If you need financial support to pay for Keppra, or if you need help understanding your insurance coverage, help is available. For example:
- Some websites provide details about drug assistance programs, ways to make the most of your insurance coverage, and links to savings cards and other services. Two such websites are:
To learn more about saving money on prescriptions with or without insurance, check out this article.
Here are answers to some frequently asked questions about drug cost and Keppra.
How much does Keppra cost with insurance vs. without it?
What you pay for Keppra if you have insurance compared with what you’d pay without it depends on several factors.
Factors that could affect what you’d pay for this drug without insurance include:
- the quantity you’re prescribed (such as a 90-day or 30-day supply)
- whether you apply and qualify for any available savings programs
- your dosage and treatment plan
- the pharmacy you use
- the form of the drug you’re prescribed (such as the oral tablet, oral solution, extended-release oral tablet, or intravenous injection)
These same factors may affect your price for Keppra if you have insurance. But the price you pay with insurance may also depend on:
- your specific plan benefits
- any prior authorization requirements you have for drug coverage
To learn more about what you’d pay for Keppra with or without insurance, talk with your doctor, pharmacist, or insurance provider (if you have one).
You can also visit Optum Perks* for price estimates for this drug when using coupons from their site. However, Optum Perks coupons cannot be used with insurance benefits or copays.
* Optum Perks is a sister site of Medical News Today.
Is Keppra covered by Medicare?
It may be. You can call your Medicare plan provider to learn whether your particular plan covers the cost of this drug. There are many types of Medicare plans, so your coverage and what you pay for prescriptions will be based on your particular plan’s benefits.
You may also need to obtain prior authorization before your plan will cover the cost of this medication.
Your doctor may also be able to provide information about your cost for Keppra if you have Medicare.
Below is information you may want to consider if you have insurance and receive Keppra.
If you have insurance, your insurance company may require prior authorization before it covers Keppra. This means the company and your doctor will discuss Keppra in regard to your treatment. The insurance company will then determine whether the medication is covered.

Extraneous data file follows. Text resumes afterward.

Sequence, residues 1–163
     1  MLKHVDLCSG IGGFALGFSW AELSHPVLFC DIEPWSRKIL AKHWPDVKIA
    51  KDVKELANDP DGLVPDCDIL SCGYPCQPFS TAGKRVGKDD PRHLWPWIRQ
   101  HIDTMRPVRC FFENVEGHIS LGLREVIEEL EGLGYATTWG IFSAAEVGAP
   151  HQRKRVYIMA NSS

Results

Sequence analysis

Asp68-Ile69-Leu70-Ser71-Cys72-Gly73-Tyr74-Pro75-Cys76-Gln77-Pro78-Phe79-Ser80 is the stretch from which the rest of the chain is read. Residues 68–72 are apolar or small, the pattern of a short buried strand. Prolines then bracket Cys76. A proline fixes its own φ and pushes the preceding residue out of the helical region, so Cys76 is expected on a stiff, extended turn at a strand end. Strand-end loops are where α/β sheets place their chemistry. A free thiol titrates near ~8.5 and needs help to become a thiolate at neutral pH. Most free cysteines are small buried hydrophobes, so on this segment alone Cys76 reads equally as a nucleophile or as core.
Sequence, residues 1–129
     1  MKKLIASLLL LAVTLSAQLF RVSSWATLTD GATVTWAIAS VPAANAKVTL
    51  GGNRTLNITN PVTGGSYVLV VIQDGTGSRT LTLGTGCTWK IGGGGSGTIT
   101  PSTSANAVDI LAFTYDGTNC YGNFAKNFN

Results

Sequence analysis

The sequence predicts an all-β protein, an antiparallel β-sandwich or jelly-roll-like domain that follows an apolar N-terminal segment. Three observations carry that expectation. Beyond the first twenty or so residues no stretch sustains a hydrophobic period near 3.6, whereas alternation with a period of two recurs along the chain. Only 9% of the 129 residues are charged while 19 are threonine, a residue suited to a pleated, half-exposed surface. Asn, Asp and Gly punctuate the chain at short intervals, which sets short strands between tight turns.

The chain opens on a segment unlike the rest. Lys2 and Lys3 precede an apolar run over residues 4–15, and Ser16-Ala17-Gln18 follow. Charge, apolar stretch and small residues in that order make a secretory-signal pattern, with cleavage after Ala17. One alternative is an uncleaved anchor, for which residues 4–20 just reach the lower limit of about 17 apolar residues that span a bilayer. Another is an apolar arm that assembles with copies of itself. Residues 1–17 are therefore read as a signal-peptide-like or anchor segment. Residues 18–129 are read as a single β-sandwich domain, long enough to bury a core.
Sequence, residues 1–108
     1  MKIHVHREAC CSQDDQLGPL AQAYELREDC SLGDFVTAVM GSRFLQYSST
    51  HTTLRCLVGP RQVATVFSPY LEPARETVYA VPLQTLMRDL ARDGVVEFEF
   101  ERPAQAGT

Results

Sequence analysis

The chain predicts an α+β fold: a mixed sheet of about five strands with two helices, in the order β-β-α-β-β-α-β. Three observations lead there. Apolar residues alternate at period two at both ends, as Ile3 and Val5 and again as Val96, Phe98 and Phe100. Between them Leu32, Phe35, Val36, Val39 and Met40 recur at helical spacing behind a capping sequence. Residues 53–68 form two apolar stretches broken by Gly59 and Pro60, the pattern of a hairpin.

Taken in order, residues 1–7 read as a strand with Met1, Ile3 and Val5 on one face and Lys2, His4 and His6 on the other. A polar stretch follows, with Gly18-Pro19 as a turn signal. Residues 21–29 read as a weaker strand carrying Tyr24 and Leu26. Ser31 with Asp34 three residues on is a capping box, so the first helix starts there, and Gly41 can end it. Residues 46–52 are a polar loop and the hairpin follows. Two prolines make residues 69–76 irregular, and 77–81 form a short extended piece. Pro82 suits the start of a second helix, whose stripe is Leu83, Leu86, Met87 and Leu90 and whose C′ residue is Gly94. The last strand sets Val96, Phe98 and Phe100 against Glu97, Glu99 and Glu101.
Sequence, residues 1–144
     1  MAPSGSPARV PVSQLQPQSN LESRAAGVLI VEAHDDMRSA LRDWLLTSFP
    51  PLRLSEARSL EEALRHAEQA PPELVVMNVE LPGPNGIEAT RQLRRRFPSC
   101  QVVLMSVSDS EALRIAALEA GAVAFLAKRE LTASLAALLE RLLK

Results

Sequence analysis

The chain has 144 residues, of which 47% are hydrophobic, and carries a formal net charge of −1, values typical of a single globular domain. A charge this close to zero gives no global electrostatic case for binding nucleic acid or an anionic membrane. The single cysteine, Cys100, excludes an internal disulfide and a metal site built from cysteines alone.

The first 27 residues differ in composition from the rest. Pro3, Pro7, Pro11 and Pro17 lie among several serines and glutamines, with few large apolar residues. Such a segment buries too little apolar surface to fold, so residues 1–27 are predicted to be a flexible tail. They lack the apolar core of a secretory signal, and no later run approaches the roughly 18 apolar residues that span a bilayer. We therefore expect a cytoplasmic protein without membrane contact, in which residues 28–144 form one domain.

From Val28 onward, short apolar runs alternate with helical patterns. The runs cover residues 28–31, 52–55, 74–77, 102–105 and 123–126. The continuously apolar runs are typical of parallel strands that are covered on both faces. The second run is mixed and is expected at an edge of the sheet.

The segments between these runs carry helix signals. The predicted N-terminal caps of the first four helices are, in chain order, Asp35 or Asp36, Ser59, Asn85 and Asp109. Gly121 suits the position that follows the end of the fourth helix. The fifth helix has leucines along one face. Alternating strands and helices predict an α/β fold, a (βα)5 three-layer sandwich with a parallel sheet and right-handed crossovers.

If a drug requires prior authorization but you start treatment without the prior approval, you could pay the full cost of the medication. You can ask your insurance company whether Keppra requires prior authorization.
Now that you’ve learned about cost and Keppra, you may still have some questions. Talk with your doctor or pharmacist, who can provide personalized guidance about cost issues related to Keppra. But if you have health insurance, you’ll need to talk with your insurance provider to learn the actual cost you’d pay for Keppra.
Here are some other resources you may find helpful:
- Medicare drug coverage. To learn about Medicare coverage for drugs, see these articles about Medicare prescription drug plans, drug coupons and Medicare, and the Medicare drug list.
- More details. For details about other aspects of levetiracetam, the active drug in Keppra, refer to this article.
- Information about seizures. For more information about seizures, see our epilepsy and seizures hub.
Disclaimer: Medical News Today has made every effort to make certain that all information is factually correct, comprehensive, and up to date. However, this article should not be used as a substitute for the knowledge and expertise of a licensed healthcare professional. You should always consult your doctor or another healthcare professional before taking any medication. The drug information contained herein is subject to change and is not intended to cover all possible uses, directions, precautions, warnings, drug interactions, allergic reactions, or adverse effects. The absence of warnings or other information for a given drug does not indicate that the drug or drug combination is safe, effective, or appropriate for all patients or all specific uses.